2. Mediterranean DietMultiple diets have previously been studied including low-fat, low carbohydrate and high protein/high fat diets; all these diets have raised issues on general health, continued weight reduction and maintenance; also these diets were never studied to actually help reduce disease. A recent study utilizing the Mediterranean Diet was reported and published in The New England Journal of Medicine. The study followed 7447 men from ages 55-80 at high risk for heart disease and stroke for 5 years. Those chosen had a high risk of developing heart disease since they had diabetes, were smokers, had a strong family history of CV disease, were obese, had high blood pressure and high cholesterol. The study showed that this sensible eating plan was able to cut the risk of cardiovascular disease and stroke by 30% (since stroke and heart attack complications are the leading causes of death in patients with diabetes, this is significant news). The Mediterranean diet has been very popular in the coastal areas of Spain, Portugal, Southern France and Greece. It includes mostly fruits, vegetables, legumes, fish, beans, nuts (including almonds, walnuts and hazel nuts), olives and extra virgin olive oil (extra virgin olive oil helps lower cholesterol more than refined olive oil). It encourages red wine with meals (optional – check with your physician), limited red or processed meat and minimal commercial baked goods including sweets and pastries. It also limits spreadable fats. According to Dr. Steven Nissen, chairman of cardiovascular medicine at the Cleveland Clinic, “the preventive effect of the diet is similar to taking statins.” The positive affects were so strong in decreasing heart disease that the study was discontinued early. Unfortunately the main doctor leading the study, Dr. Ramon Estruch of Spain, states “that the diet in his local area of Spain is becoming more Americanized and he believes people should stick to what they learned from their grandmothers and grandfathers to obtain the diet benefits.”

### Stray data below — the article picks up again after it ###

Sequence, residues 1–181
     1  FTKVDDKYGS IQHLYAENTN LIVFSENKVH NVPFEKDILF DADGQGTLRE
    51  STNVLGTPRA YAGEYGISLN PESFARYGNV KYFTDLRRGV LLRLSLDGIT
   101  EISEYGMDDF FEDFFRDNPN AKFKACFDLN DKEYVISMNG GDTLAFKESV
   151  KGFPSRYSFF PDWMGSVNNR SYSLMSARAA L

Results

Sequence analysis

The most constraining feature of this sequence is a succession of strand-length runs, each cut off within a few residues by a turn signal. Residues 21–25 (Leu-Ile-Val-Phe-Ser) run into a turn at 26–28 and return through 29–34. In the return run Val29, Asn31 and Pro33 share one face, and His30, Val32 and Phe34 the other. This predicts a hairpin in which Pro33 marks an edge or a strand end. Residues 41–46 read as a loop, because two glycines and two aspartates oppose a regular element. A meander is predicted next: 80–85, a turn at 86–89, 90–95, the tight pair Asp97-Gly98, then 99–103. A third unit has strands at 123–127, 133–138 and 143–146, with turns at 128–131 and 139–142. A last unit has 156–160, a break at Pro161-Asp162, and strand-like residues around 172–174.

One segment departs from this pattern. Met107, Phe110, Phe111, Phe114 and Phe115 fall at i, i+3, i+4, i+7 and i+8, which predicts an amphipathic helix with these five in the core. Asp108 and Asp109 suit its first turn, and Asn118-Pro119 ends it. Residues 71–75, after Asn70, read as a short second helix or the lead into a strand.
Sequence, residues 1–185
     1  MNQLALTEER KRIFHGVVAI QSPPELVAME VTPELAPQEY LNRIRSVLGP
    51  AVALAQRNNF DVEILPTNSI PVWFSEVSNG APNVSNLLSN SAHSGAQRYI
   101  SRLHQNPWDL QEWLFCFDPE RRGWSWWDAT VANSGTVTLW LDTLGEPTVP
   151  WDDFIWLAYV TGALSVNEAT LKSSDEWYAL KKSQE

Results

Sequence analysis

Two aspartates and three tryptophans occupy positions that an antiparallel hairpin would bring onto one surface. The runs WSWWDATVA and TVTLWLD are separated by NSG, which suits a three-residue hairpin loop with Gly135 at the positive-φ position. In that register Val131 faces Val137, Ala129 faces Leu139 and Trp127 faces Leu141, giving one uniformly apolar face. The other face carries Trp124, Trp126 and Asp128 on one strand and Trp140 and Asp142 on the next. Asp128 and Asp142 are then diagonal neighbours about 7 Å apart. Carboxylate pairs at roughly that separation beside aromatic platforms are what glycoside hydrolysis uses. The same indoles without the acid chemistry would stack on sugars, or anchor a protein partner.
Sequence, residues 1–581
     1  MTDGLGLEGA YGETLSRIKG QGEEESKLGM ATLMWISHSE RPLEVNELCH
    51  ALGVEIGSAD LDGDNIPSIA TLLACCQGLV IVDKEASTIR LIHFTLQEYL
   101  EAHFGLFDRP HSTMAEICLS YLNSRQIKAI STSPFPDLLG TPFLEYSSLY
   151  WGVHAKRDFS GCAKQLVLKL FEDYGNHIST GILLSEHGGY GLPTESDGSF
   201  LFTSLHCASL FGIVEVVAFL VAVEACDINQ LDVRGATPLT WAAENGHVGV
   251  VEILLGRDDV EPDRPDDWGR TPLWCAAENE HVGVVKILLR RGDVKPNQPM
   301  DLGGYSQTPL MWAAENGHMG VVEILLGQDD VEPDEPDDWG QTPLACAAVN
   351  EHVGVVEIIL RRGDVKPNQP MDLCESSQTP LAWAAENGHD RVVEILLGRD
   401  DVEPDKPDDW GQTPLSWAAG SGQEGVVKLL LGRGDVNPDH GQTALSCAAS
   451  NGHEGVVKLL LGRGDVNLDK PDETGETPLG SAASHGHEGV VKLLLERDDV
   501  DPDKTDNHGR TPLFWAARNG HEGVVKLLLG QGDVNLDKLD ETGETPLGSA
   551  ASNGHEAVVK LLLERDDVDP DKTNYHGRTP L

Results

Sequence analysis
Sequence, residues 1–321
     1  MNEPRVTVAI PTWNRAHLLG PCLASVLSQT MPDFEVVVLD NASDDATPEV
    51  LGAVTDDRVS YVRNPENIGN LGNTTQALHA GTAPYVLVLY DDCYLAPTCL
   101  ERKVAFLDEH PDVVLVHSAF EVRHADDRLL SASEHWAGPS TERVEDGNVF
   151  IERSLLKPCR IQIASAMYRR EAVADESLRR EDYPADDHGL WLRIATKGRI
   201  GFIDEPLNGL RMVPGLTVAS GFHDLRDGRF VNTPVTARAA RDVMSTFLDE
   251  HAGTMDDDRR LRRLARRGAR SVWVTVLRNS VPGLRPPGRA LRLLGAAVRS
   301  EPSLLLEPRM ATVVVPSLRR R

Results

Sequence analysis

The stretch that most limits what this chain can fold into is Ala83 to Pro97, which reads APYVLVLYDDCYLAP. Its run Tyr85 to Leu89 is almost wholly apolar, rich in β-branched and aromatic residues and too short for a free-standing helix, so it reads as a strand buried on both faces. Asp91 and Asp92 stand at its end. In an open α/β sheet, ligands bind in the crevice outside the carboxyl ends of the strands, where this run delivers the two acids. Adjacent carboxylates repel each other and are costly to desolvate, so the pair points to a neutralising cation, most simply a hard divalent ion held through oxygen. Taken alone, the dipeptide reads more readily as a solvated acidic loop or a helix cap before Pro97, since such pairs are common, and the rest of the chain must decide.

Information is available everyday giving us the ability to help promote our own health. I will continue to keep you informed and I hope you will decide what is best for you along with your health care provider.

NOTE: Consult your Doctor first to make sure my recommendations fit your special health needs.

About the Author: Roberta Kleinman

Roberta Kleinman, RN, M. Ed., CDE, is a registered nurse and certified diabetes educator. She grew up in Long Island, NY. Her nursing training was done at the University of Vermont where she received a B.S. R.N. Robbie obtained her Master of Education degree, with a specialty in exercise physiology, from Georgia State University in Atlanta, Georgia. She is a member of the American Diabetes Association as well as the South Florida Association of Diabetes Educators. She worked with the education department of NBMC to help educate the hospital's in-patient nurses about diabetes. She practices a healthy lifestyle and has worked as a personal fitness trainer in the past. She was one of the initiators of the North Broward Diabetes Center (NBMC) which started in 1990 and was one of the first American Diabetes Association (ADA) certified programs in Broward County, Florida for nearly two decades. Robbie has educated patients to care for themselves and has counseled them on healthy eating, heart disease, high lipids, use of glucometers, insulin and many other aspects of diabetes care. The NBMC Diabetes Center received the Valor Award from the American Diabetes Center for excellent care to their patients. Robbie has volunteered over the years as leader of many diabetes support groups. More about Nurse Robbie